I have been reading an interesting piece in The Economist magazine about the United States Supreme Court eight months after the newest Supreme Court Justice was appointed on the nomination of Donald Trump.
They argue that, far from developing a 6:3 majority for the extreme Conservative point of view, the current court is developing into three equal blocks of three justices - three hardline conservatives, three liberals (in the US sense of the word, not the British one) and three moderate Conservatives. You can read the argument here.
And, of course, the irony is that the three moderates are the three Justices whose appointments were opposed most hysterically by the US left: e.g. Chief Justice John Roberts whose appointment was supposed to send America into full-on "Handmaid's Tale" territory, Justice Kavenagh whose appointment attracted een more opposition, and Amy Coney Barratt whose nomination attracted such hostility that a normally sane commentator on my Facebook page suggested that her appointment could lead to civil war.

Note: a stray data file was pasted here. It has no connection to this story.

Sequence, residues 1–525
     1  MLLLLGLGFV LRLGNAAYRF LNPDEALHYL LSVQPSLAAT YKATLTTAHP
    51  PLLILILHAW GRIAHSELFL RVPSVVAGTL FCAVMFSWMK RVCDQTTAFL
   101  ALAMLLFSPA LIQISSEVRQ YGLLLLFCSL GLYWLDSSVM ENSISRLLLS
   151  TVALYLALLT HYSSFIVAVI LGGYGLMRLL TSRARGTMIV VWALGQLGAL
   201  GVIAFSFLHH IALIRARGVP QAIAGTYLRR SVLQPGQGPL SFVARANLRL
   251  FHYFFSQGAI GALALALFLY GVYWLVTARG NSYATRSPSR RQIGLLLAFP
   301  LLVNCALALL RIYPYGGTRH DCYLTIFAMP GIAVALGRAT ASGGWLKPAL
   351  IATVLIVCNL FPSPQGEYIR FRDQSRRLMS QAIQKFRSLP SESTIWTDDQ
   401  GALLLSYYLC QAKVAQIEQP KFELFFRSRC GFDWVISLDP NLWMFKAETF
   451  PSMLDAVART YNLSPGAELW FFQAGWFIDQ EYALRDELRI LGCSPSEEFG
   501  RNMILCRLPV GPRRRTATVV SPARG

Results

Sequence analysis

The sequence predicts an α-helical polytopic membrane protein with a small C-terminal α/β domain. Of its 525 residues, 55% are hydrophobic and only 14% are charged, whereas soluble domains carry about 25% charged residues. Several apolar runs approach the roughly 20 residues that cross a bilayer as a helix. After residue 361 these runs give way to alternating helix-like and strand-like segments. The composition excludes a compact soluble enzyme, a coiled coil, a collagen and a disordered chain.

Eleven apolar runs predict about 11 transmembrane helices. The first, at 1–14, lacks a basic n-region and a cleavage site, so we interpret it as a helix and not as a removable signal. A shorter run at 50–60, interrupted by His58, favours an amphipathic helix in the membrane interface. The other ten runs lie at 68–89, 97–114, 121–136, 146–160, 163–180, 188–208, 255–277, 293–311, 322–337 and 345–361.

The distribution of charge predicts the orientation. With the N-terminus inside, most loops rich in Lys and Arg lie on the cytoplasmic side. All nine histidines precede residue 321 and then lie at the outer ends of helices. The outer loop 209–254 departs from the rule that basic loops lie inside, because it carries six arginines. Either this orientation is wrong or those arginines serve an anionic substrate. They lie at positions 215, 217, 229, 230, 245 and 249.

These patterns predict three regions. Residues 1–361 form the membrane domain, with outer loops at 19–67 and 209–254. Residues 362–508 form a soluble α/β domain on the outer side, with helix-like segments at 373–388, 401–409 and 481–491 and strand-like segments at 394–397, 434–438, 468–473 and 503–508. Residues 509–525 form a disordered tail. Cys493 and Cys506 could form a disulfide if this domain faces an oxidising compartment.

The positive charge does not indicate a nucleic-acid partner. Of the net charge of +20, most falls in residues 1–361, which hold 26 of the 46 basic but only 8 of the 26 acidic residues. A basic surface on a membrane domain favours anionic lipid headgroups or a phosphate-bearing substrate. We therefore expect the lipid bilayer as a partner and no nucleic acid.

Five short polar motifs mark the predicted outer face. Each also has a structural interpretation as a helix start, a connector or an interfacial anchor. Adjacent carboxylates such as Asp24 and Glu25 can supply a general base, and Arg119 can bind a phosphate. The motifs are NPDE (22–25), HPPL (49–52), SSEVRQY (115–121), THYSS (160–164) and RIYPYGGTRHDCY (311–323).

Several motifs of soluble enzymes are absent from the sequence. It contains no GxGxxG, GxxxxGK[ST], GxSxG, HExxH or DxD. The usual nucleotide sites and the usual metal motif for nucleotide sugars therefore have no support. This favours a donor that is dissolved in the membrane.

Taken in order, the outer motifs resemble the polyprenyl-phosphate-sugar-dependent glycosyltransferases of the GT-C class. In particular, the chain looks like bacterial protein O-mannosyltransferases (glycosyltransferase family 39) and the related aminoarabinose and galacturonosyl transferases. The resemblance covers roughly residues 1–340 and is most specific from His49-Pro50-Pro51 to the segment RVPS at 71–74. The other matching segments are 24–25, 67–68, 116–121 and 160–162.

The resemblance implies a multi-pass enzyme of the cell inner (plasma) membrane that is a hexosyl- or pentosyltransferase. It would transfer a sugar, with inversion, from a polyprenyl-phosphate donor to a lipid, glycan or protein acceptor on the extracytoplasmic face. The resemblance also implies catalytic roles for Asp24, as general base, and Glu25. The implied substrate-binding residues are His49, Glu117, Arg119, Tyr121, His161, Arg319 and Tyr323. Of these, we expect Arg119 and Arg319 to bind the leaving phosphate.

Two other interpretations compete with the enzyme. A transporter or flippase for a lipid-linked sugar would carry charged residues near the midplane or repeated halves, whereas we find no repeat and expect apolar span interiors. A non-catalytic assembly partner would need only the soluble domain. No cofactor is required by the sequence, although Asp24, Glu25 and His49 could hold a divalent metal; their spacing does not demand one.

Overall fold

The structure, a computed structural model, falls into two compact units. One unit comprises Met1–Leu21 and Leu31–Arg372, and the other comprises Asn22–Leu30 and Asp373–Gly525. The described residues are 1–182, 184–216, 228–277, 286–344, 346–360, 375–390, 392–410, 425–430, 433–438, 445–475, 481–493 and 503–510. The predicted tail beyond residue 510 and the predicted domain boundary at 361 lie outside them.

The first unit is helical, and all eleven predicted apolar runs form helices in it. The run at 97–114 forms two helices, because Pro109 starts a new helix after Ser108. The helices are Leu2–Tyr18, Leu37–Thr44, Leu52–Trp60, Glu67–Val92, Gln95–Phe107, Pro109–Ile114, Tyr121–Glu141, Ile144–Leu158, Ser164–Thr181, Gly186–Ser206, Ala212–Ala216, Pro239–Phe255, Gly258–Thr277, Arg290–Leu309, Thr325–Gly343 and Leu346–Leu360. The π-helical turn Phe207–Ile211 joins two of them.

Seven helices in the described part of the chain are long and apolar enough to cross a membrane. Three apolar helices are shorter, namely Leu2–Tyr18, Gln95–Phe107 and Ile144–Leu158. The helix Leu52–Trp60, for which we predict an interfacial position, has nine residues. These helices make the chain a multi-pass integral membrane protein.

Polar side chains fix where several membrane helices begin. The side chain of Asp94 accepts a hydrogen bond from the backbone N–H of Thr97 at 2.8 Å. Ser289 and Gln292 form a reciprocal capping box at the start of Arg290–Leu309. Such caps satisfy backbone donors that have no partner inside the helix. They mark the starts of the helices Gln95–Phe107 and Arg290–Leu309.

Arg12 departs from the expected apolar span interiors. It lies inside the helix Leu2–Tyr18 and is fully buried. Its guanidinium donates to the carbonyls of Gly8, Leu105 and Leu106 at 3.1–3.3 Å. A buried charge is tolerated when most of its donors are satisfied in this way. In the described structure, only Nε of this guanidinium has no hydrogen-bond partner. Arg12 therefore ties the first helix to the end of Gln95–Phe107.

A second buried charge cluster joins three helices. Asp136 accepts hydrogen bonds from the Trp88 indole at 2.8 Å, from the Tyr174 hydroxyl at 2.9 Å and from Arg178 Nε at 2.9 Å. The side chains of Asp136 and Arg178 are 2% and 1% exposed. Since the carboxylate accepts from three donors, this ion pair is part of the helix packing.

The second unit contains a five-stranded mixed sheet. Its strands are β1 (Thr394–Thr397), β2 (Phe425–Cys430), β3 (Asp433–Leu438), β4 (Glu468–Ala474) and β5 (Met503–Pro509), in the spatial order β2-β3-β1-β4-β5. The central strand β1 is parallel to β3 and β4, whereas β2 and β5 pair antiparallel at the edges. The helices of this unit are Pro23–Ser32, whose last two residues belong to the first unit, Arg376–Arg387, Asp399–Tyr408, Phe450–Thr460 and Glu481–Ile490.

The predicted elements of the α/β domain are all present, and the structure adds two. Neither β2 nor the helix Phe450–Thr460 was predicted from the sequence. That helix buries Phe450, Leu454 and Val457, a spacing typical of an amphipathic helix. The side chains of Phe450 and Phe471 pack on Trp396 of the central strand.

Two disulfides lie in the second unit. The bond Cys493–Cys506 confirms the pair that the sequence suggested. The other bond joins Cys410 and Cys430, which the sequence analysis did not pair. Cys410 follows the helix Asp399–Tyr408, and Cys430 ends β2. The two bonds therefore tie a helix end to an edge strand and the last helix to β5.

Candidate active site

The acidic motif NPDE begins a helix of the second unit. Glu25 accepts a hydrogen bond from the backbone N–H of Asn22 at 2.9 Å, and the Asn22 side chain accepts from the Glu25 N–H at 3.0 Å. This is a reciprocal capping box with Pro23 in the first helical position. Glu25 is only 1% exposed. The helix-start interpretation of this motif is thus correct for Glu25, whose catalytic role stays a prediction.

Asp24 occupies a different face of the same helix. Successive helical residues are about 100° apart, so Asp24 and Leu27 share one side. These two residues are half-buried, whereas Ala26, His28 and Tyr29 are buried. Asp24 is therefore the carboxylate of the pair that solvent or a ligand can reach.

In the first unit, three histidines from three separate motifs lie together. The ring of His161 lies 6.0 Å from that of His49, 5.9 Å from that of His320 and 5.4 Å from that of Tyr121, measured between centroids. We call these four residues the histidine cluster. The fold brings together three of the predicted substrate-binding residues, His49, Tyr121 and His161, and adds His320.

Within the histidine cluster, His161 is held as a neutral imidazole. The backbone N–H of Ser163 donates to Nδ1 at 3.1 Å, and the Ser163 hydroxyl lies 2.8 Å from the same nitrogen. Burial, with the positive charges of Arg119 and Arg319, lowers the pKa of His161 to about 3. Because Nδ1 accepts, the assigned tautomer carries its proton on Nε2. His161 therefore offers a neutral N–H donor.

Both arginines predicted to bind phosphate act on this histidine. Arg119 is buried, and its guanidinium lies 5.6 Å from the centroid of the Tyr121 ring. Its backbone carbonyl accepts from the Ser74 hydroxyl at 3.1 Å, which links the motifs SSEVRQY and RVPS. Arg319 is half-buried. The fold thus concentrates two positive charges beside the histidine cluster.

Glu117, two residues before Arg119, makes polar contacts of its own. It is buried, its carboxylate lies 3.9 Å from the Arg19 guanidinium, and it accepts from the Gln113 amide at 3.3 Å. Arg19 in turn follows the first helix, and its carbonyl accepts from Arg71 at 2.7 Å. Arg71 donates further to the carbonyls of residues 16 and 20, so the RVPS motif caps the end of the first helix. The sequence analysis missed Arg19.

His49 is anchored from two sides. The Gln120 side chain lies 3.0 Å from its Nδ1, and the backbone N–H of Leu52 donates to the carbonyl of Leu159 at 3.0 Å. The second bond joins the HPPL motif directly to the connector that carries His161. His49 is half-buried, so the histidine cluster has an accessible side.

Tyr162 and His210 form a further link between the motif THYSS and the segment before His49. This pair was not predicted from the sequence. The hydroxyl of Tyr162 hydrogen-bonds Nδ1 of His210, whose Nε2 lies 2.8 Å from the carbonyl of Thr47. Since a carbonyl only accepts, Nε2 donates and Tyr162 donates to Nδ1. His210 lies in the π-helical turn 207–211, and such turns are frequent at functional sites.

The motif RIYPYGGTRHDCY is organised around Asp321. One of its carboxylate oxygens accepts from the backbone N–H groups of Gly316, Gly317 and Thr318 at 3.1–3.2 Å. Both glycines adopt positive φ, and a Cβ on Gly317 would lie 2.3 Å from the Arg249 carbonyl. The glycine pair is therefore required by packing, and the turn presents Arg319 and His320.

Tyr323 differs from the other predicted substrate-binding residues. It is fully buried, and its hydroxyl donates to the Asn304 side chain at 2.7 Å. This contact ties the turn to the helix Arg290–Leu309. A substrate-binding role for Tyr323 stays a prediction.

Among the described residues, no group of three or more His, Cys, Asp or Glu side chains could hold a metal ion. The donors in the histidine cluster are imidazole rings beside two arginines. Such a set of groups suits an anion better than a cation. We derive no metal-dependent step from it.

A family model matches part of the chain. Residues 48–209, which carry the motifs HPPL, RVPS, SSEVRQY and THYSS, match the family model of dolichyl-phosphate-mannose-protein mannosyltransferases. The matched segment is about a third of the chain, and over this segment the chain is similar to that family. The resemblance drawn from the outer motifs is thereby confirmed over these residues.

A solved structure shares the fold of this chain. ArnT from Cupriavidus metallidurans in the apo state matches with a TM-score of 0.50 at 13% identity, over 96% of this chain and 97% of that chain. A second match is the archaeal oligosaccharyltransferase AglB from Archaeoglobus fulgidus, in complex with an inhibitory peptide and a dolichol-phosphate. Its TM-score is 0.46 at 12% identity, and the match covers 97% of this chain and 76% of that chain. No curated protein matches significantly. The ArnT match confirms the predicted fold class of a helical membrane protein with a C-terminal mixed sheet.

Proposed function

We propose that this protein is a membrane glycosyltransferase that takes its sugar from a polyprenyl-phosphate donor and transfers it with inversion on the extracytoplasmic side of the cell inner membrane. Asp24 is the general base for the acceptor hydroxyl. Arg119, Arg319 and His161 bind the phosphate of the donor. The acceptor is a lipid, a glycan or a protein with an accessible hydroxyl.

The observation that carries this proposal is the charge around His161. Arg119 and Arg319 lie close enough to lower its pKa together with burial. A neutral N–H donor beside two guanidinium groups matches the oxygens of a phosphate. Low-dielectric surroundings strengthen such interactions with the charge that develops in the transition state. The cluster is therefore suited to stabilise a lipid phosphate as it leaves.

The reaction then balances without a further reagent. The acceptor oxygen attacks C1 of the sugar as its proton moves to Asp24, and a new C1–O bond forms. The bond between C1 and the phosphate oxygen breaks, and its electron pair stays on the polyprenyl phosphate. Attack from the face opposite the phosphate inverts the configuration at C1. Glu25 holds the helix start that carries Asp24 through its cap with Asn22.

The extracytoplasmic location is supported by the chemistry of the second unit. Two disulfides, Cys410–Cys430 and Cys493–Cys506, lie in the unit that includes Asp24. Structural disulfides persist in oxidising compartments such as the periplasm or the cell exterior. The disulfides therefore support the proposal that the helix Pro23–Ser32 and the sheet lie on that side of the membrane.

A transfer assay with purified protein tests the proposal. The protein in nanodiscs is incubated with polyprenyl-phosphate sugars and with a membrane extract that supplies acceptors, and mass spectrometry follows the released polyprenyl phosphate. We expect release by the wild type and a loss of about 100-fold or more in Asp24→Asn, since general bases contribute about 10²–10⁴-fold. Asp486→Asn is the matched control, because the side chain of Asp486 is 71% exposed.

(Some of Trump's other actions did get closer to that than I liked. But not his judicial appointments.)
I think this illustrates a position which you could refer to as the law of diminishing rhetorical returns. The more vehemently the opponents of an appointment or measure denounce it, the more careful scrutiny should be applied to their arguments. Because it seems to me that for every occasion that outrage and hysteria are directed against a policy or person for good reasons, there are two when people get hysterical because they sense that they are losing the argument and seek to make up for poor logic with extreme language.